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OSHA requirements are set by statute, standards and regulations. Our interpretation letters explain these requirements and how they apply to particular circumstances, but they cannot create additional employer obligations. This letter constitutes OSHA's interpretation of the requirements discussed. Note that our enforcement guidance may be affected by changes to OSHA rules. Also, from time to time we update our guidance in response to new information. To keep apprised of such developments, you can consult OSHA's website at http://www.osha.gov.
October 28, 1999
The Honorable Charles E. Grassley
Attention: Kathy Nuebel
United States Senate
Washington, DC 20510
Dear Senator Grassley:
Thank you for your August 25, 1999 letter to the Occupational Safety and Health Administration's (OSHA's) Directorate of Compliance Programs (DCP). You forwarded a letter from William Kemp of Letts, Iowa regarding OSHA's regulations pertaining to the operation of equipment by truck drivers and the powered industrial truck equipment training required by Sysco Foods in Des Plaines, Illinois.
On December 1, 1998 OSHA published in the Federal Register its final rule (copy enclosed) for powered industrial truck operator training (29 CFR 1910.178(l)). Mr. Kemp's letter seems to address this new regulation.
Mr. Kemp states that Sysco Foods is now requiring drivers of trucks delivering goods to Sysco stores to take Sysco's training course and receive Sysco's permit before being allowed to use power pallet jacks that Sysco had been supplying to the drivers to off-load their trucks. In lieu of taking the course, a driver can pay $30 to a lumper who will off-load the truck. Mr. Kemp states that the drivers of his company have already been trained and have permits, but Sysco will not accept their permits or any other permit.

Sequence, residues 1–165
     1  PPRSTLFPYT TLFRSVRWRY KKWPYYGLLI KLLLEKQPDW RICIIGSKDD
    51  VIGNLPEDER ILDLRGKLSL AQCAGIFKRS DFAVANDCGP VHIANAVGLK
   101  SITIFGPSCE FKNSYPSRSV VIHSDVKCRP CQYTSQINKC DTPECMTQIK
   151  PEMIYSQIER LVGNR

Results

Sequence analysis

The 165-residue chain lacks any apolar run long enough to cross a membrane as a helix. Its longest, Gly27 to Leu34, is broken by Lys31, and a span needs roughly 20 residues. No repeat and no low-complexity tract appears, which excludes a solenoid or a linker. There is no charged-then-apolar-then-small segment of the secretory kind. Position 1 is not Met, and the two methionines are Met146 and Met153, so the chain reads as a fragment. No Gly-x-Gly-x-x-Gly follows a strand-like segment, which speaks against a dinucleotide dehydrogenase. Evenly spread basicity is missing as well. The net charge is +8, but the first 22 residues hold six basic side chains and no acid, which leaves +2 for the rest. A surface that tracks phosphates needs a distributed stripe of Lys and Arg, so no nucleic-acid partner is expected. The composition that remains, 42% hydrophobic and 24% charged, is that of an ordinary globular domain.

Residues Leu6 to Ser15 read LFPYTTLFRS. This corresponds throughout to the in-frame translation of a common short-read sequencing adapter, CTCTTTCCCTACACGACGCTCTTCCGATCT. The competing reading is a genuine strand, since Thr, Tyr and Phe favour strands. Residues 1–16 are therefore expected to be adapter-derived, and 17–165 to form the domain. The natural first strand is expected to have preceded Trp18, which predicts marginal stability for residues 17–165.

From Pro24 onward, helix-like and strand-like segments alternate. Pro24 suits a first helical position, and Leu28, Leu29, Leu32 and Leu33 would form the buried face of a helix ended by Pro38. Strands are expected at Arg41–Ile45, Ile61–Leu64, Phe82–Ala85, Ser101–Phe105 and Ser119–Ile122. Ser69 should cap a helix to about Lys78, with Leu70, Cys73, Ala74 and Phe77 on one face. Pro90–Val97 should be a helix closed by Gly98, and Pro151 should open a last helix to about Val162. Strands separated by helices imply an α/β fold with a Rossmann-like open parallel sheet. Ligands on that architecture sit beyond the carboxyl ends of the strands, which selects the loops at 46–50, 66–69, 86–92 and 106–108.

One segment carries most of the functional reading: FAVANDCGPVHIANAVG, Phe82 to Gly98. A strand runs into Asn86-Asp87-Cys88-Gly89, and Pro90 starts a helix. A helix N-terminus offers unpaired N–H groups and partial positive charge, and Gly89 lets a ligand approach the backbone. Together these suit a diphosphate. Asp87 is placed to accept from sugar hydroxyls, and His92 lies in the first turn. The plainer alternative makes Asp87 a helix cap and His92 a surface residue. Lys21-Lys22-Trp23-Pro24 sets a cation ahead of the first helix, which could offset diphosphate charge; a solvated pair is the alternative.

Under the OSH Act and the OSHA powered industrial truck regulation, Sysco is responsible for ensuring that persons who operate power pallet jacks at its worksite have been trained properly. The training and evaluation the regulation requires is truck-specific and site-specific. It is therefore consistent with the regulation for Sysco to require outside drivers who come into its workplace to have undergone Sysco's training course.
It may be that your constituent, Mr. Kemp, is providing sufficient training to his drivers to meet the requirements of the new regulations. However, Sysco is not required to accept the adequacy of training programs conducted by other companies. Even if Sysco has reason to believe that those training programs meet the requirements of the regulations, Sysco is entitled to require that persons who operate power pallet jacks at its worksite have a greater degree of training than is required by the regulation and that they be trained specifically in the equipment and conditions at its worksite. OSHA's standards set minimum requirements, but employers are generally free to impose stricter requirements in their workplace.
Thank you for your interest in occupational safety and health. We hope you find this information helpful. Please be aware that OSHA's enforcement guidance is subject to periodic review and clarification, amplification, or correction. Such guidance could also be affected by subsequent rulemaking. In the future, should you wish to verify that the guidance provided herein remains current, you may consult OSHA's website at http://www.osha.gov. If you have any further questions, please feel free to contact the Office of General Industry Compliance Assistance at (202) 693-1850.
Richard E. Fairfax, Director
Directorate of Compliance Programs